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Marbling measurement challenge in grading Wagyu in Australia versus Japan

by Jon Condon, 14 September 2017

Japanese Meat Grading Association executive director Masayasu Aoshima and AWA president Peter Gilmour checking out colour chips used in Japan’s 12 point BMS marbling assessment. Australia’s highest AusMeat score of 9 equates to chip 3 on the BMS scale

 

THE inability of Australian beef grading systems to adequately report marbling performance in high-performing Wagyu cattle was exposed during a briefing with the Japan Meat Grading Association in Tokyo last week, as part of the Japan Wagyu study tour.

Japan Meat Grading association senior executive director Masayasu Aoshima spoke to the tour group while visiting the Tokyo Central Market last week.

While Japan’s Beef Marbling Standards (BMS) range from 1-12, in direct comparison, Australia’s highest AusMeat marbling score of 9, is in fact equivalent only to a Japanese BMS of around 3.

Australian Wagyu Association president Peter Gilmour said it meant that some Australian product being sold in Japan was not being given the opportunity to express its true value, in terms of marbling performance.

“It was tremendous for stakeholders on the trade mission to be able to see the Japanese domestic carcases coming down the rail in wholesale market conditions, and the excitement that those higher marbling score carcases generated among the wholesale buyers present,” Mr Gilmour said.

Another carcase attribute that Australia’s AusMeat grading currently does not capture, but which is regarded as highly important in Japan’s meat industry is marbling fineness/coarseness.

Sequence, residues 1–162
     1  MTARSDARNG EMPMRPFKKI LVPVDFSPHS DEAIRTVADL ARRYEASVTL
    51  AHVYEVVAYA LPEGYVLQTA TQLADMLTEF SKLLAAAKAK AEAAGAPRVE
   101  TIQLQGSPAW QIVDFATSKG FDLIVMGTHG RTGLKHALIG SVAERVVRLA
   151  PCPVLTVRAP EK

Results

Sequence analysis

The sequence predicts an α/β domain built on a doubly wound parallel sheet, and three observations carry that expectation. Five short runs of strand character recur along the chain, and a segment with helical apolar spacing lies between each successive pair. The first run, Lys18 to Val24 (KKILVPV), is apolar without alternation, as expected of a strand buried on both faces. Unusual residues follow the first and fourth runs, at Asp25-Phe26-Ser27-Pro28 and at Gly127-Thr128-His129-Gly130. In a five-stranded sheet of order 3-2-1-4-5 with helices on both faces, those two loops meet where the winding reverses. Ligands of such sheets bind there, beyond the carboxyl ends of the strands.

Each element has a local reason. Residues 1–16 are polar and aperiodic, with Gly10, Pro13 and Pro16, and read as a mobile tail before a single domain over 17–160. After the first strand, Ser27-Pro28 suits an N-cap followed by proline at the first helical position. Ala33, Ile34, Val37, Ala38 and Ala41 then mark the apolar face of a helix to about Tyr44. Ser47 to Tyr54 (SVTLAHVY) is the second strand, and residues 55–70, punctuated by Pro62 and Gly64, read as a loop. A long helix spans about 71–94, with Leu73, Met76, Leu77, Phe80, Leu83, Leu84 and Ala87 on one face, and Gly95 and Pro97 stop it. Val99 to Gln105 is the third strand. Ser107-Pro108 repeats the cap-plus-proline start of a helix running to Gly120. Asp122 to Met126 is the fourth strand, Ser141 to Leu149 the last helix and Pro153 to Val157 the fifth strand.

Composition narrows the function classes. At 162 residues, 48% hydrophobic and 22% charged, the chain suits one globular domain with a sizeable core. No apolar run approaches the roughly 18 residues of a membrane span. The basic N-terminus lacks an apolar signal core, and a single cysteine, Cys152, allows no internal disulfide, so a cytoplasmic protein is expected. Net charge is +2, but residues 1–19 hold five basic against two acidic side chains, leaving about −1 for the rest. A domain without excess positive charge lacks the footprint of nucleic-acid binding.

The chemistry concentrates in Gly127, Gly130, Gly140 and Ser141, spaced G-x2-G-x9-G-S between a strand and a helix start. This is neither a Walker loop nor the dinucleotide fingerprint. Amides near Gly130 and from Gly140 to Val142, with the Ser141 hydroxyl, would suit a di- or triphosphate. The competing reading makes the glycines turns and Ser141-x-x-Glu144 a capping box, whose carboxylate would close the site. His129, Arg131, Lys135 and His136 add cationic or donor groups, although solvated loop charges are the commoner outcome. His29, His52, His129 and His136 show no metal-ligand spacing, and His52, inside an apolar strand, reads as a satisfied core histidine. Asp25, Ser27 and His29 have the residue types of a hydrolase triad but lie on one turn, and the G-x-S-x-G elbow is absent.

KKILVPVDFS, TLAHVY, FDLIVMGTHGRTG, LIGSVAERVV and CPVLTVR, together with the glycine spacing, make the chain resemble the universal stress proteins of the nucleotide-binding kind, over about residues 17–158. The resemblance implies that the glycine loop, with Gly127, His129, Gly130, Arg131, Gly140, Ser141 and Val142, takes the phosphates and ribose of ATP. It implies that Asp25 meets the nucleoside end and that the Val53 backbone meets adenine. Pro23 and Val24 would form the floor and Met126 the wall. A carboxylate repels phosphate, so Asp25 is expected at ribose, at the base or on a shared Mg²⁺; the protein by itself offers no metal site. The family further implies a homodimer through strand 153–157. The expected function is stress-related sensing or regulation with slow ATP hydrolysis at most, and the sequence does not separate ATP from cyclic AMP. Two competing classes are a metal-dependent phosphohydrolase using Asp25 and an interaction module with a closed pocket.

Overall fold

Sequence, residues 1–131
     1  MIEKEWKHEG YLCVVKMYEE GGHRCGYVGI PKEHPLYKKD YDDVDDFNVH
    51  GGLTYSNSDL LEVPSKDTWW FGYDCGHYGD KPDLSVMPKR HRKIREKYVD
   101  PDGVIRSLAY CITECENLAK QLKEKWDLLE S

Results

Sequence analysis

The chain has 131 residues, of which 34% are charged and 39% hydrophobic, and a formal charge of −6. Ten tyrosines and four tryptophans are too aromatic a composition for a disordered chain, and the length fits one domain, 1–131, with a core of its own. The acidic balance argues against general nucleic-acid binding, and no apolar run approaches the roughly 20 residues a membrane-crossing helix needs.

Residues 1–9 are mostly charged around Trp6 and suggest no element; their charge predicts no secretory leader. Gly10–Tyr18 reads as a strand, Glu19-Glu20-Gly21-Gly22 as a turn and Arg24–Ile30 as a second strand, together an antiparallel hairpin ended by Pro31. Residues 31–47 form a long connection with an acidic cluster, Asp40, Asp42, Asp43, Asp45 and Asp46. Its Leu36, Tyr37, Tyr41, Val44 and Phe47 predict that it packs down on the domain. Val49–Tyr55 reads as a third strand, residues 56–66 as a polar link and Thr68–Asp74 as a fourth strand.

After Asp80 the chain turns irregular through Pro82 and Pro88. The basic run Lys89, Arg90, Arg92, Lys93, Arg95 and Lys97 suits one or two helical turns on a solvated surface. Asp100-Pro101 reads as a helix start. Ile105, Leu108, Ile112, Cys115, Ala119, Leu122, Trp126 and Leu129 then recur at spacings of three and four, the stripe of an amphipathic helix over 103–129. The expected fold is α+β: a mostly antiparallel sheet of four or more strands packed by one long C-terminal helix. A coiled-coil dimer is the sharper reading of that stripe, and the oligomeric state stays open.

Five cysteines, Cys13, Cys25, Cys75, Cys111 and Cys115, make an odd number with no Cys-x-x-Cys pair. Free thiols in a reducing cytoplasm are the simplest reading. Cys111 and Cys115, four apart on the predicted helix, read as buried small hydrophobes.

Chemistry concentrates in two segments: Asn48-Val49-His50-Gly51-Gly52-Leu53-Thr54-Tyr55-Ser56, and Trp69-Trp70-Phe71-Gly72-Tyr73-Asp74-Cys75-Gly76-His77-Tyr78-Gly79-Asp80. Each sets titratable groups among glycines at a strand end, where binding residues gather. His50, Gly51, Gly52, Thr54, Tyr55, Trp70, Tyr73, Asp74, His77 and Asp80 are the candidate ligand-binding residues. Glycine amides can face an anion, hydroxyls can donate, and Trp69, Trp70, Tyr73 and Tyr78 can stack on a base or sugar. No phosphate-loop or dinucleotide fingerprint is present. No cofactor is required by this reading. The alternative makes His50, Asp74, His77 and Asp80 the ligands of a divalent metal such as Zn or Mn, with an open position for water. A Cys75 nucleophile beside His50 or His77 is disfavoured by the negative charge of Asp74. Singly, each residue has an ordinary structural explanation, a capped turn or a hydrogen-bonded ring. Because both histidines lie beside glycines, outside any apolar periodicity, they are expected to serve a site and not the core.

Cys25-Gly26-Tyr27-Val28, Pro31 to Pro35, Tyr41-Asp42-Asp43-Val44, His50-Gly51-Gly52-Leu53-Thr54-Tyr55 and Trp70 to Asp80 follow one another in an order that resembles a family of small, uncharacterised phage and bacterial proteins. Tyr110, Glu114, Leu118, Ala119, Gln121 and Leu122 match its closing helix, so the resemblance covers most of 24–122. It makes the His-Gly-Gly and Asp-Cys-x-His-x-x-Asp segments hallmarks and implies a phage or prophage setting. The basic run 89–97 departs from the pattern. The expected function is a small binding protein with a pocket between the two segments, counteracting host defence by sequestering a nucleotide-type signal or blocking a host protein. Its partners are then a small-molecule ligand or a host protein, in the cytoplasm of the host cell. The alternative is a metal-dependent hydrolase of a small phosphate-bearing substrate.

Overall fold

“It’s the carcases with fineness of marbling that produce the better eating quality, and subsequently the highest prices, and that’s an attribute that Australia must seek to address,” he said.

Under Japan’s own grading system, a carcase with a BMS of 11, for example, can be downgraded if it possesses a coarse marbling pattern at the quartered rib assessment point, but can actually be upgraded to a 12 if that marbling presents in the desired fine, feathery form. Fullblood Wagyu carcases do in fact show considerable variance, from body to body, judging by inspection at the Tokyo Central Meat Market.

Part of the problem was a lack of understanding and training in Australian grading about how to make distinctions in marbling performance at the Wagyu breed’s upper levels of performance. Japanese graders go through a three-stage endorsement process, with the highest level often taking 10-12 years’ experience to achieve.

“Currently an AusMeat marbling score of 9 (some plants record scores of 9+) is somewhere around a Japanese Beef Marbling Score of 3. However if we were go out to an AusMeat score of 12, that would equate to a Japanese BMS of around 6,” Mr Gilmour said.

“If you continue down that path, we could potentially reach an AusMeat marbling score of 18, to accommodate the full range of beef now being produced in Australia. But very little Australian product would ever get to that extreme, and we perhaps need to recognise that.”